By Cary McGovern
In last month's column we discussed the three methods for selling records management: the survey, the fast-start event and telemarketing. All of these methods can work well for you in the development of a sales strategy. In this month's column we address several additional factors related to selling records-management services in a self-storage environment, including sales strategies, marketing tools and resources. Remember that anything done well requires a plan, and the first ingredient of a plan is a goal.
Setting a Sales Strategy
Your sales strategy should be based upon your commitment and resources. Always remember that marketing is an expensive undertaking. It requires people, materials and, most importantly, time. Your budget should always be considered first before you develop your strategy. You may be willing to spend a certain amount for marketing on a monthly basis rather than investing a large amount up front, so the timeline of the marketing will also guide your strategy.
A strategic plan generally covers a wide variety of issues: the budget, the timeline, the methodology, tactical implementations and measuring the results of your effort. All of these should be considered in your marketing strategy. Since your budget is generally the primary constraint in any marketing plan, it will guide everything else. Once you have set your budget and your implementation timeline, you can move forward toward developing the plan.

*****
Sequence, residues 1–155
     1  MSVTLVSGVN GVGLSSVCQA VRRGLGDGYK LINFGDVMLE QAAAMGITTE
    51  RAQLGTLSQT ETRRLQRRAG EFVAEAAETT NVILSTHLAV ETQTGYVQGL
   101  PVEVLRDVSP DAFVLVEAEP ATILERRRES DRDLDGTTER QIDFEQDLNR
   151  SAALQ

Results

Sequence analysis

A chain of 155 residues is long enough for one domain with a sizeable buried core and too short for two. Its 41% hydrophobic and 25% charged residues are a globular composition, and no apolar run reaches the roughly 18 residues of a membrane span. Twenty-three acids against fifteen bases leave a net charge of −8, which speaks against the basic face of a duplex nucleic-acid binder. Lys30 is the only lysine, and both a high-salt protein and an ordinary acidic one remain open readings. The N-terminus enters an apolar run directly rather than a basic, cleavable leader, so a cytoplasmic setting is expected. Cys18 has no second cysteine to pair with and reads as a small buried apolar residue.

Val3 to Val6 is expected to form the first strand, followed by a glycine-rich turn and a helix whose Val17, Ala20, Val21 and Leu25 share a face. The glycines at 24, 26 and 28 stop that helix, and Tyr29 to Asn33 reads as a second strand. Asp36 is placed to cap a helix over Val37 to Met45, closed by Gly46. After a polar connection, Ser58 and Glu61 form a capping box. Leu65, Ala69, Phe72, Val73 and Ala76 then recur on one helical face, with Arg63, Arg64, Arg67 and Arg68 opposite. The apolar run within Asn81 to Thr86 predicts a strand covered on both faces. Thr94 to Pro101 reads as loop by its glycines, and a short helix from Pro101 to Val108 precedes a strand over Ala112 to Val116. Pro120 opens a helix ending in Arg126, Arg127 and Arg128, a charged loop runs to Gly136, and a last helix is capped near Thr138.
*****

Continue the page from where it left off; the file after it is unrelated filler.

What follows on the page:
Targeting Your Market
You should know how to target the market before beginning the plan. What kind of records-management business do you want to have? Will yours be an aggressive marketing plan? Will you focus on a certain vertical market share such as hospitals or lawyers? Do you want to begin with just a few small units and grow from there over a long period? First, know who you are and what you want your business to be.
Setting Some Goals
Goal-setting has both quantitative and qualitative attributes. How many, how much and how often are the prime considerations for the quantitative attribute, while internal control, quality of service and profit margins are some of the qualitative attributes. Let's discuss each of these.
Quantitative issues concern your ability to manage the sales cycle (discussed in last month's column) from the initial customer contact to the close. It is fair to say that it is difficult to manage a large number of prospects in varying stages of the sales cycle without the right tools. Since the logistics of records management require scheduling and management, you should always schedule your sales effort based on your ability to follow up and follow through. If you fail to manage this, you may lose customers before you get them.
The qualitative issues require you to maintain control over your sales cycle, provide expected levels of service to your clients and know what your margins are on each new client. Needless to say, managing a sales campaign is essential to the success of your program.
Selecting the Tools